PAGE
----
The Mustela putorius is a carnivorous mammal that looks like a solitary hunter who grabs the prey from behind and kills it; if the latter is of considerable size, it is covered with foliage and will be consumed the next day.
When darkness falls, the animal goes out in search of food, moving quickly on its short legs (which during walking are moved like a glide): the skunk moves mainly on the ground, as it is much less apt than other mustelids. (in the first place the stone marten and the marten) to climbing and moving among the foliage.
This species is a purely carnivorous animal that feeds mainly on rats, mice and rabbits, birds and their eggs, frogs, lizards and snakes.
The European polecat identifies its prey thanks to its highly developed sense of smell which, once reached, bites the neck, clenching its jaws so tenaciously that it is possible to lift the animal in the air together with its prey without it loosening its grip. In this way, skunks are right even for animals of much larger size, such as large rabbits. Skunks carry small prey by grabbing them mid-back, much like hunting dogs do when bringing back game.
Although purely carnivorous this species, if food is scarce, it can fall back on invertebrates or feed on berries and fruits, even if it is much less apt than its relatives Canids and Ursids to digest these types of food, and therefore it feeds on them only in cases exceptional.
It is an animal with a very aggressive character if it is attacked it reacts promptly by biting promptly and emitting a fetid liquid from the anal glands.
The species hunts both at night and during the day, very shy it is very difficult to see. In its natural habitat the favorite lairs are rabbit holes, tree cavities, various types of ravines. In populated areas, skunks also use piles of timber or homes as day shelters.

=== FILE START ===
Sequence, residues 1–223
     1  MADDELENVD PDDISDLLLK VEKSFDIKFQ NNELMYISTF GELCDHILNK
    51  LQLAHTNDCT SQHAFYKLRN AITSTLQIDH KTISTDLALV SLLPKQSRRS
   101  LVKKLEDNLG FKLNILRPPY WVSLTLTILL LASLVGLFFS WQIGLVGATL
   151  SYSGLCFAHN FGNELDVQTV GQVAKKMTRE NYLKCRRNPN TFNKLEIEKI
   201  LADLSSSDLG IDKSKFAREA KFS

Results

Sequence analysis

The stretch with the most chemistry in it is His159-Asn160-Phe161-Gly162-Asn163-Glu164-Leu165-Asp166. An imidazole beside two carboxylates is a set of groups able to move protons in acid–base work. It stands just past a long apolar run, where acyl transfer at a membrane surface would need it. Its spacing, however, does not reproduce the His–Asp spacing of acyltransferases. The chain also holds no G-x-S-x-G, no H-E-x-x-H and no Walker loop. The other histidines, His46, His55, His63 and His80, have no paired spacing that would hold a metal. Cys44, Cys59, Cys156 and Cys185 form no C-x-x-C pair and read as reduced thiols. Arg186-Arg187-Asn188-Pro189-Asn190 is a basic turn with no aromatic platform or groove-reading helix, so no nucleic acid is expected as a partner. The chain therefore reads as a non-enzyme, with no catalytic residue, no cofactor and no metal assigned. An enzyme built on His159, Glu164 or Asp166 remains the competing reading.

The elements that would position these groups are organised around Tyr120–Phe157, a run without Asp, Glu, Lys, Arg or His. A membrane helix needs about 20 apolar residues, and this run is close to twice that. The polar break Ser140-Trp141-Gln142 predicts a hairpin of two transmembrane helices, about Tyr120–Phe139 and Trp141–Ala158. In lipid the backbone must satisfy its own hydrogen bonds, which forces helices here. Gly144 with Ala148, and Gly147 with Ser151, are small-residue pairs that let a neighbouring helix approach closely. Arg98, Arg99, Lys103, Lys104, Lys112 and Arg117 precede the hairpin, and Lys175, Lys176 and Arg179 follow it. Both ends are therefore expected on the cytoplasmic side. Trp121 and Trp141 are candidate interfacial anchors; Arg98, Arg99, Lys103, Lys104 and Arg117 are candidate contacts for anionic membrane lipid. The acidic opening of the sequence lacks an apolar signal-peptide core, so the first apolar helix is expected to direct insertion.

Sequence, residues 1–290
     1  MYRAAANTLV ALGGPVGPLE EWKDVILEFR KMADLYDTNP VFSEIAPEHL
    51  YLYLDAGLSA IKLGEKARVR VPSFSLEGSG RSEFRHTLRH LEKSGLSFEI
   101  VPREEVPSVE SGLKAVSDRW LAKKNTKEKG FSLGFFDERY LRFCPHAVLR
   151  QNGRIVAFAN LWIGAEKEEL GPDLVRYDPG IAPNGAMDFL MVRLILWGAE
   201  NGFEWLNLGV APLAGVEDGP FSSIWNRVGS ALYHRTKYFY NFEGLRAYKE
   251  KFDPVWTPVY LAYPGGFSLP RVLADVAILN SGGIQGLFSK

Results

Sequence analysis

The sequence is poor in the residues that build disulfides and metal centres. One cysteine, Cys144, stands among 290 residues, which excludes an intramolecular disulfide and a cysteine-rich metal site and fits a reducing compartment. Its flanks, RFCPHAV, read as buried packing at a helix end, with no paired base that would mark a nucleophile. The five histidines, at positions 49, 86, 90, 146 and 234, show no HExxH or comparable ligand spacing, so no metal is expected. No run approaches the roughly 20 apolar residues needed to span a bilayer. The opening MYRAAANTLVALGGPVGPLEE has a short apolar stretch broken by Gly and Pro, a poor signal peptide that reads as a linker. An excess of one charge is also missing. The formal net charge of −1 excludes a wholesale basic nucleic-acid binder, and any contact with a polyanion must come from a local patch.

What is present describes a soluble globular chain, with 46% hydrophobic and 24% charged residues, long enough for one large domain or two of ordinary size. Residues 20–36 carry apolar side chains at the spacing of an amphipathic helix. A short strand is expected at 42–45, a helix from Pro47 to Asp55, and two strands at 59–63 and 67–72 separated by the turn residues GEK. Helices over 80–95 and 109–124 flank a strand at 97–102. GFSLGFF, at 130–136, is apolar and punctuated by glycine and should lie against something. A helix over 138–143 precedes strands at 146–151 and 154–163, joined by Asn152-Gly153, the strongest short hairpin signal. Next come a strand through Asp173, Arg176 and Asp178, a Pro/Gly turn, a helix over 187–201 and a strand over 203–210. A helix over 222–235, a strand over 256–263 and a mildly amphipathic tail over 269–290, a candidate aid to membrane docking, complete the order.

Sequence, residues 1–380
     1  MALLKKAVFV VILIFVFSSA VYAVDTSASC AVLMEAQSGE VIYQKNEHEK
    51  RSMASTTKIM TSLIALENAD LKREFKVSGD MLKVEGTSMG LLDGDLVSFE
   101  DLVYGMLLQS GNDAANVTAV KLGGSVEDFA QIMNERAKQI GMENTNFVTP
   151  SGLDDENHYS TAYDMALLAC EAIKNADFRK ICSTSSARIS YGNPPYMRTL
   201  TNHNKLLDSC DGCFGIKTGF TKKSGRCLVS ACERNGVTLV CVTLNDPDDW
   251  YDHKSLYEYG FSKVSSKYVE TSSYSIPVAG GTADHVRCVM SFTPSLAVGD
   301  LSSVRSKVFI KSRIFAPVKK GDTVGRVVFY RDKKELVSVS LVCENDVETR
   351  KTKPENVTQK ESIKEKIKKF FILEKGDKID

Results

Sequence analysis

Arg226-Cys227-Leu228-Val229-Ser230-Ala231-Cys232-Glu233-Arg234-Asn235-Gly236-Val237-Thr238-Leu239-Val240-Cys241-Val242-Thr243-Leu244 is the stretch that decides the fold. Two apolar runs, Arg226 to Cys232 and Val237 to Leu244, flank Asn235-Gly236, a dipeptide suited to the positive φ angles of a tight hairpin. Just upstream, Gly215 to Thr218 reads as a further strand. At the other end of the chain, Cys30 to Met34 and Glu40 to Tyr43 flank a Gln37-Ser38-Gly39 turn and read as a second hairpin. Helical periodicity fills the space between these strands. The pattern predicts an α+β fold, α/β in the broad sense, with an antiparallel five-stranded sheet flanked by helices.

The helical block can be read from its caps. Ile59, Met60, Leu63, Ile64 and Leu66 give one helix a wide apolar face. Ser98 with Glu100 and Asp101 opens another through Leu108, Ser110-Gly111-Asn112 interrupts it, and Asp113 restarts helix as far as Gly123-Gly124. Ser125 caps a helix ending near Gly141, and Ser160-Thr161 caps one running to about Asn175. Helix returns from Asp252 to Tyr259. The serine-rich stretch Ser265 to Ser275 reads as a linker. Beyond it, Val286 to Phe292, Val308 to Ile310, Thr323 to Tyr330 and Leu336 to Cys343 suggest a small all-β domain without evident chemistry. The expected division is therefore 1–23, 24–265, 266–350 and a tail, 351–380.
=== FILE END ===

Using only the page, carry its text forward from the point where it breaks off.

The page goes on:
The European polecat is a very solitary and uncommunicative animal and for most of the time it remains silent; however able to emit short yelps or squeaks, while the excited or frightened animal emits from the subcaudal glands the characteristic malodorous liquid for which the animal is so well known.
Unlike what was once thought, this liquid would not have a defensive purpose, but rather a territorial function, as the skunks taken in captivity do not emit almost all the annoying odor. In addition to their own smell, skunks usually leave their faeces as a warning sign for other specimens along the routes that the landlord usually travels, taking care to deposit their droppings in strategic places.
As regards its population in its habitats and in Italy this mammal is in slight decrease which could be linked to the degradation to which many watercourses and many wetlands have been subjected (AM De Marinis, P. Genovesi & M. Spagnesi in Spagnesi & Toso 1999). Despite the legal protection, the species is still subject to poaching with traps and poisoned baits. Road traffic, illegal harvesting through traps or poisons, pesticide poisoning are some of the threats that affect the species (P. Genovesi & A.M. De Marinis in Boitani et al. 2003). Since Ferret and Polecat are inter-breeding, the presence of re-wild populations of ferrets represents a potential threat to the conservation of the Polecat due to the risk of genetic pollution.
Among the conservation measures it is recalled that this species is listed in Annex II of the Bern Convention (1979) and in Appendix V of the Habitats Directive (92/43 / EEC). In Italy it is protected by the law 157/92 on hunting. It is present in protected areas. Least Concern assessed by the European Mammal Assessment (Temple & Terry 2007). The scarce knowledge on the ecology of this species does not allow to define a strategy for its conservation, which appears to be linked to a more effective protection and recovery of suitable habitats (AM De Marinis, P. Genovesi & M. Spagnesi in Spagnesi & Toso 1999).

Guido Bissanti

Sources
– Wikipedia, the free encyclopedia.
– Gordon Corbet, Denys Ovenden, 2012. Guide to the mammals of Europe. Franco Muzzio Publisher.
– John Woodward, Kim Dennis-Bryan, 2018. The great encyclopedia of animals. Gribaudo Editore.